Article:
It’s been a week since the college admissions scandal first made the news. When I first heard about it, I didn’t want to believe it. I thought something can’t be right. I couldn’t imagine actresses like Felicity Huffman and Lori Laughlin would bribe and cheat to get their kids into college.
Then I heard about the recordings and what was documented from them. I realized this was true. Was I shocked this happened? No, but typically parents would give a large donation to a college to ensure their child’s admittance to a specific college. While technically it’s legal, it’s still not ethically right to do. But as I have learned college is a business, and they need to make money.
Now more in-depth investigations start, lawsuits abound, and parents and high school kids are left wondering what do we do now. Most likely there will be some changes made to the college admissions process.
Parents, I know some of you have your heart set on your child going to your alma mater or another school because of its name. But guess what? It’s not about what you want, it’s what’s best for your child.
One of my favorite articles to come out of this scandal is from NPR, “Does it Matter Where You Go to College?” In the article, they site Gallup research that found college selectivity did not correlate at all with later satisfaction in work or fulfillment in life. As NPR reported in 2014, “Those percentages did not vary based on whether the grads went to a fancy name-brand school or a regional state college, one of the top 100 in the U.S. News & World Report rankings or one of the bottom 100.”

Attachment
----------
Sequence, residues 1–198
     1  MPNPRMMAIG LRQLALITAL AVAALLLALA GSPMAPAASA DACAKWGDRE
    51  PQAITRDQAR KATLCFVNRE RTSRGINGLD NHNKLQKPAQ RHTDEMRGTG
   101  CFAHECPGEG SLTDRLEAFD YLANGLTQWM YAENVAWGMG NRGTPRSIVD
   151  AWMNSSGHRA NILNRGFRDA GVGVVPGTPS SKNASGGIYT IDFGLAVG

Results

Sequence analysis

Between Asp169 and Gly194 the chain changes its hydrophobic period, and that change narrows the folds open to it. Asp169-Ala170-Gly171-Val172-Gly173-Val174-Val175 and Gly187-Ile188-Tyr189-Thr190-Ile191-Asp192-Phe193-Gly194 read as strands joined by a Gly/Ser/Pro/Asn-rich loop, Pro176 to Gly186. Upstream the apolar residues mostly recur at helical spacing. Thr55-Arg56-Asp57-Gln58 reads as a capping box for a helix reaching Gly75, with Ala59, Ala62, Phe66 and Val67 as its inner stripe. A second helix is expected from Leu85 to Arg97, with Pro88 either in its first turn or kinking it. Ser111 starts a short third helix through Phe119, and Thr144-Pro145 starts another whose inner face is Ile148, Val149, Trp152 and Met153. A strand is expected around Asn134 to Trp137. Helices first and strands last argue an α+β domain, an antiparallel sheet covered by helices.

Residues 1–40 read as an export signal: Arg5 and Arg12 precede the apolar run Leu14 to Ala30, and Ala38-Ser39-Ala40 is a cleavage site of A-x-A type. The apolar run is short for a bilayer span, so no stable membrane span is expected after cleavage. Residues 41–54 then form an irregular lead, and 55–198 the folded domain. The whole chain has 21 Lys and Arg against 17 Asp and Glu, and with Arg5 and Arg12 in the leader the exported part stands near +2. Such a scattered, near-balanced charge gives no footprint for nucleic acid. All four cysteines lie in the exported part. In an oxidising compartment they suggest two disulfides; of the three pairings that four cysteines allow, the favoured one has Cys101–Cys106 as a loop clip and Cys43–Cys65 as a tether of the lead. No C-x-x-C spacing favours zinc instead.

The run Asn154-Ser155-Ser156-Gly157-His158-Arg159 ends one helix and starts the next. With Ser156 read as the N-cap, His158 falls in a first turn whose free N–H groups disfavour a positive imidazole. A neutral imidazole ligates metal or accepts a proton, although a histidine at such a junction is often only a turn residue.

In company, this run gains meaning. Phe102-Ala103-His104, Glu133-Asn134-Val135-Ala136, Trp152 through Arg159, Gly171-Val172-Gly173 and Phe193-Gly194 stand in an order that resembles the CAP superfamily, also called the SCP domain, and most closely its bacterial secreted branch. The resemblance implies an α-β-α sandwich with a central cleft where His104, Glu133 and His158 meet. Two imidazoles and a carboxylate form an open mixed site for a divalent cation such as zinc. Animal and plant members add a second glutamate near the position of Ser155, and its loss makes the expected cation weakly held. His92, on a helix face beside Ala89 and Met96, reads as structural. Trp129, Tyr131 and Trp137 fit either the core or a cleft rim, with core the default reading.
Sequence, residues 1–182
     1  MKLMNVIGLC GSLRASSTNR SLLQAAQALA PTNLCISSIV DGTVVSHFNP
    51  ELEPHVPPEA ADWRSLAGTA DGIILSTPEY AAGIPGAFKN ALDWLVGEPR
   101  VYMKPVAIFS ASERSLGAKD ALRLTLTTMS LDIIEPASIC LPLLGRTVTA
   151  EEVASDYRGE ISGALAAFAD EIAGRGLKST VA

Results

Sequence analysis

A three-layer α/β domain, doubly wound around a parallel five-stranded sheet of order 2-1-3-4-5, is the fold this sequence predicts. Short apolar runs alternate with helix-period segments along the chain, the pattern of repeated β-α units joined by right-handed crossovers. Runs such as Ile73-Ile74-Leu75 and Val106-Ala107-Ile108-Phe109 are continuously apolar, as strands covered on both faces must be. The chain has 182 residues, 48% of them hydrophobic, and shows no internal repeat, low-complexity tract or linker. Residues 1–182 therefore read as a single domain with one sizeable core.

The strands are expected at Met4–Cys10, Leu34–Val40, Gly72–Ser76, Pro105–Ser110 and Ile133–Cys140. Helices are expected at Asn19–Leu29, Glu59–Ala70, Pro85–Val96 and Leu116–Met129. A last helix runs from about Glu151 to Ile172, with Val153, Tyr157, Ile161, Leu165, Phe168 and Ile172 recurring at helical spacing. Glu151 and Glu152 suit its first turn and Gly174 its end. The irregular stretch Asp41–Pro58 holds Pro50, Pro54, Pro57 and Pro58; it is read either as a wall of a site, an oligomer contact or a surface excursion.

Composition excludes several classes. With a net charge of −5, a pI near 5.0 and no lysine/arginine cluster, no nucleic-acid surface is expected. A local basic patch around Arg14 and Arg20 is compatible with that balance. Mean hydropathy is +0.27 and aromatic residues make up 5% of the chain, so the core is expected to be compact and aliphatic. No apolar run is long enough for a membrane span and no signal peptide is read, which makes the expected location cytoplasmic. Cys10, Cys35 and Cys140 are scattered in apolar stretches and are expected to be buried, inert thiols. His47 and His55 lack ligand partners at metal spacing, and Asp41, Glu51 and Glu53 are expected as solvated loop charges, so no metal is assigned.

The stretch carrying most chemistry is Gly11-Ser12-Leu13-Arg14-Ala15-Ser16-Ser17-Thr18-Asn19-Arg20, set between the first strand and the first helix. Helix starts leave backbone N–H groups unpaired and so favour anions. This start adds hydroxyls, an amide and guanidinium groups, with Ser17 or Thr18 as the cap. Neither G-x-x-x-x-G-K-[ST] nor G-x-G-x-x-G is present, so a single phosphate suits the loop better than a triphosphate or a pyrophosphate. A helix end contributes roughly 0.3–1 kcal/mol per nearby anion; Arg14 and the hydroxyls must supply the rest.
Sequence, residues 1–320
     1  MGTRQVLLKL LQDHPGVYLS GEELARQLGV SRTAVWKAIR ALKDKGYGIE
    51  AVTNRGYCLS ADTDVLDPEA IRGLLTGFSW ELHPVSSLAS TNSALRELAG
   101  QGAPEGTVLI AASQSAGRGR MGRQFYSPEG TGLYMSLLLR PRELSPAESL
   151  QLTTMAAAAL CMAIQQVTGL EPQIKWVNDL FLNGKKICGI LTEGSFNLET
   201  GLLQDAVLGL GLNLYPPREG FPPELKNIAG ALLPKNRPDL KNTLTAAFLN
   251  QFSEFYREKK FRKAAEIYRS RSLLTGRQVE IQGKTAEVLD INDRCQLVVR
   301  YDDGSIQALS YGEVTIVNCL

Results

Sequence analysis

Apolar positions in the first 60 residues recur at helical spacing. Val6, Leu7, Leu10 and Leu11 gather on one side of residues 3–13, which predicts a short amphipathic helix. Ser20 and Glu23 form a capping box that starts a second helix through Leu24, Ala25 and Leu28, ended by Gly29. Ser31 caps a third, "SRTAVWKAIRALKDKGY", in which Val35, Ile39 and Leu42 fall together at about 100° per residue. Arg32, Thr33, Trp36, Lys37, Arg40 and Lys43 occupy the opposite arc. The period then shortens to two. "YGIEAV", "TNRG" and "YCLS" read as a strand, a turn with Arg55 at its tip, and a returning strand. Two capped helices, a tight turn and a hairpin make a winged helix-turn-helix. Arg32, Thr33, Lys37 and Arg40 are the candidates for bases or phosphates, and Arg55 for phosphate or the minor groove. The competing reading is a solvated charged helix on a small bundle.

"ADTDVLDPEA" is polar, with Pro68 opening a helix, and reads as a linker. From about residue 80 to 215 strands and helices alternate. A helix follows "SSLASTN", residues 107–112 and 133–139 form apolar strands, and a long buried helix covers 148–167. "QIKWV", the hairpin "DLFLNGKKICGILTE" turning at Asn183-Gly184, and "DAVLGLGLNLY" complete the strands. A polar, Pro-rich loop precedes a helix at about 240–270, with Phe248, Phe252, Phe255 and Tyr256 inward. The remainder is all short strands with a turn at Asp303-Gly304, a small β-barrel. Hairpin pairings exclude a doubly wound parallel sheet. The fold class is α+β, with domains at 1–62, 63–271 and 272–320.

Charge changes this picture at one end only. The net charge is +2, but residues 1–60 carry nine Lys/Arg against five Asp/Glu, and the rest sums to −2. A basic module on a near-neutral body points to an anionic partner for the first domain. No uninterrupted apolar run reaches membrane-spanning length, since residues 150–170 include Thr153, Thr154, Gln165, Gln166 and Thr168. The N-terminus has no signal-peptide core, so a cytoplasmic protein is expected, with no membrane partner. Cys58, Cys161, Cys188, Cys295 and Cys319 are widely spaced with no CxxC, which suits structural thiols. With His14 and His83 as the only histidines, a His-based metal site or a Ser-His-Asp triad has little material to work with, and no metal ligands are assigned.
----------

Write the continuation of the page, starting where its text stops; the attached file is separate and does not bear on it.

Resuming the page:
Forcing your child into a path that is not their own will only lead to anxiety, frustration, dropping out, and possibly debt. College is stressful enough without the pressure from their parents. You can check out my article about college stress here.
In my interview last fall with a Linda Dennis, a college application specialist, she shared that kids who declare a major in the application process and show they have already taken steps towards that career can have an advantage. It shows they are serious about that career. In light of the scandal, I think this will play a more significant role in the college admissions process. Colleges will be paying closer attention to why the child wants to attend their school. It’s transitioning to more than just the overall reputation of the school but how the specific major will help them towards a career.
Some kids determine from an early age what their career path will be and they go for it. Most kids have no idea what they want to do. You may be thinking, how can a teenager determine what career they want, since their interests change so much at this time? This is not true. In each of us, there are inherent traits and interests that are well formed by high school age. It may seem the child’s interests change because they can only identify those interests through their experiences. A good career assessment can help identify those traits that kids may not necessarily be aware they have or able to process those traits into actual jobs.
What are your thoughts on the college admissions scandal? How has it changed your thinking about your child’s future? Tell us in the comments below.